The CRTC has scrapped the Local Programming Improvement Fund, shutting down the fund financed by cable companies and utilized by TV stations for the purposes of supporting local programming. The plan is to phase out the fund by August of 2014.
The fund originated in 2008. Cable companies were required to pay into the fund with designs on protecting Canadian content during the economic downturn. As expected, the cable companies passed those charges on to consumers in the framework of higher rates and many Canadian consumers complained about the fund.
According to the CRTC, the fund is no longer needed because the media landscape has seen sufficient recovery and can survive without the money the fund provided. At the time of its inception, both Canwest and Global TV were in receivership and the CTV was bleeding millions.
“The fund was created to ensure television stations had the resources to meet Canadians’ needs for local programming,” chair of the CRTC’s hearing panel Leonard Katz said. “We are satisfied with the support it has provided during a difficult economic period.”
The decision to scrap the fund was not unanimous, with Elizabeth Duncan, the commissioner for the Atlantic region and Nunavut, stating that there was no evidence to support the fact that the needs of Canadians in smaller centres were being met. National commissioner Louise Poirie stated wishes that the fund be continued but the amounts lowered, while Quebec commissioner Suzanne Lamarre felt that the decision to eliminate the fund went against the commission’s obligations.
The elimination of the fund is expected to have an effect on the Canadian Broadcasting Corporation (CBC). They have already fallen victim to cuts, with $115 million taken out of its annual funding as per the latest federal budget. Under the fund, the CBC received about $40 million per year.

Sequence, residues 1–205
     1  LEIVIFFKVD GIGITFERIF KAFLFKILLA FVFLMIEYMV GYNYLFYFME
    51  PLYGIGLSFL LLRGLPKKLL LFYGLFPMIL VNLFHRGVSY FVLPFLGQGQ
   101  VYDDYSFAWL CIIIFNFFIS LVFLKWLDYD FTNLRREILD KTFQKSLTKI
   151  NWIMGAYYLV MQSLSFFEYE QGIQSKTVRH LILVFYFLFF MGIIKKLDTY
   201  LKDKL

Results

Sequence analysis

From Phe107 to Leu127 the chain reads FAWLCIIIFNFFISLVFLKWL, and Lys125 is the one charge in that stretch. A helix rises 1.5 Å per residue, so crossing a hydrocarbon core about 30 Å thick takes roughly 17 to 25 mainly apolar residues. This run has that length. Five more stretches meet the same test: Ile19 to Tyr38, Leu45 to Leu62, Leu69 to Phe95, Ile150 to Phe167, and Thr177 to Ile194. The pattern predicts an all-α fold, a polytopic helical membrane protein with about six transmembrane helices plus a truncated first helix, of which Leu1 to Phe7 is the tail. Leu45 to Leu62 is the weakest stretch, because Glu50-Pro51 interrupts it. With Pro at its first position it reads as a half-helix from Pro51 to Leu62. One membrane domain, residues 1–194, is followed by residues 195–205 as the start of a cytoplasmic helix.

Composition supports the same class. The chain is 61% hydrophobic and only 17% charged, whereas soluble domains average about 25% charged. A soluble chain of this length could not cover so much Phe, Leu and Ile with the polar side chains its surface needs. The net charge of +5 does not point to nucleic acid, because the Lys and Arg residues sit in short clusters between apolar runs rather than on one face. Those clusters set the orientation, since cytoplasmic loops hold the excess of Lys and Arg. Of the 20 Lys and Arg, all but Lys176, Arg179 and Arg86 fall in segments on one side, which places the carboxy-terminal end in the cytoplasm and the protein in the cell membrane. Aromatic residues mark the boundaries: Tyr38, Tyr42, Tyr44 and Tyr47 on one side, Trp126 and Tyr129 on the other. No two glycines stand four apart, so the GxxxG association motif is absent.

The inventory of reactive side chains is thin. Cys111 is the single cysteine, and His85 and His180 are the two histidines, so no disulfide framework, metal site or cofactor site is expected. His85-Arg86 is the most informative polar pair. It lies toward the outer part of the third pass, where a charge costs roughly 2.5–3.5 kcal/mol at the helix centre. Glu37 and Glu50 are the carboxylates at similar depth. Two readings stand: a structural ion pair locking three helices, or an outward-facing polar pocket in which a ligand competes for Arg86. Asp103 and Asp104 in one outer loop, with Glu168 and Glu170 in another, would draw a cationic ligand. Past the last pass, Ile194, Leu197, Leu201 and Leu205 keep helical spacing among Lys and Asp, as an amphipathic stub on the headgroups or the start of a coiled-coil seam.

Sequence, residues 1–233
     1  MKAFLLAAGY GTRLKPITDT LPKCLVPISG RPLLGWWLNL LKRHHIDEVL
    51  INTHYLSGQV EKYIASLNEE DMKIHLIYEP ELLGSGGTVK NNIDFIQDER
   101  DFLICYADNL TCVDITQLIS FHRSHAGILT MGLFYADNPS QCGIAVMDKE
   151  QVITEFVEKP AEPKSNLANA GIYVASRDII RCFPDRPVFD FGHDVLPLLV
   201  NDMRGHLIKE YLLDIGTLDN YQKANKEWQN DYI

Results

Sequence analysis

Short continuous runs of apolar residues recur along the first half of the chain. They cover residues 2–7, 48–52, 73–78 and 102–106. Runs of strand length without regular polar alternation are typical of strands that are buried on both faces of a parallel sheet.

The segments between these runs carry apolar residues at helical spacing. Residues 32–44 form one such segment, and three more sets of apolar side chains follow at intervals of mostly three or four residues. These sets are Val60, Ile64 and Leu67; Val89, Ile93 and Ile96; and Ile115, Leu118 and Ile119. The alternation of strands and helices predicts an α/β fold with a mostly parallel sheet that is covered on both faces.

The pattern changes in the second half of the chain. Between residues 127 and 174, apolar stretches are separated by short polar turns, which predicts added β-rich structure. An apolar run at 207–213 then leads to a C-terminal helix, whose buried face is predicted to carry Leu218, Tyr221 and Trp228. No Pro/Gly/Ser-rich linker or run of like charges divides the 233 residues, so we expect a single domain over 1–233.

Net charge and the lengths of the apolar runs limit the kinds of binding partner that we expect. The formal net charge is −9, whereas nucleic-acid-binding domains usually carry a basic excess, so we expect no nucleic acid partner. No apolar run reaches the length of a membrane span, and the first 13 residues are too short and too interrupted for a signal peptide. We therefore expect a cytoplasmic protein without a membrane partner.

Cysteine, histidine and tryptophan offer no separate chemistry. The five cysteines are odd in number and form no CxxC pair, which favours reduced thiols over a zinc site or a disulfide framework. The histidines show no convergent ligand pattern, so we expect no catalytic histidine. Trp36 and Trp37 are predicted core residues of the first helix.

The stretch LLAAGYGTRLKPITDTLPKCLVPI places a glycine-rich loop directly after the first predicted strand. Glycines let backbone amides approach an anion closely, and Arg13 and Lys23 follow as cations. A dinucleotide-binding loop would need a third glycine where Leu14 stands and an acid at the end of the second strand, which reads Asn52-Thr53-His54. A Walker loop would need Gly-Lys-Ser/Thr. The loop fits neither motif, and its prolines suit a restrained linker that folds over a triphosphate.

Conventional local television stations will have to revaluate their business priorities. Doing this in light of the fact that the industry has been stagnating for the last few years won’t be easy and we could be seeing the twilight years of local programming.
“There’s no doubt that local stations in small and medium-sized markets will receive significantly less revenue,” said Mirko Bibic, chief legal and regulatory officer with CTV owner Bell Media. “At a time when conventional television continues to be under tremendous financial pressure…this is obviously a major concern.”
With the cable companies “having” to pass the increases (around 1.5 percent) over to consumers due to financing the fund, the CRTC says that it expects the rates to drop. The regulator wants cable and satellite companies to prepare a report by September of 2012 proving that they’ve reduced customer bills as a result of the fund’s elimination.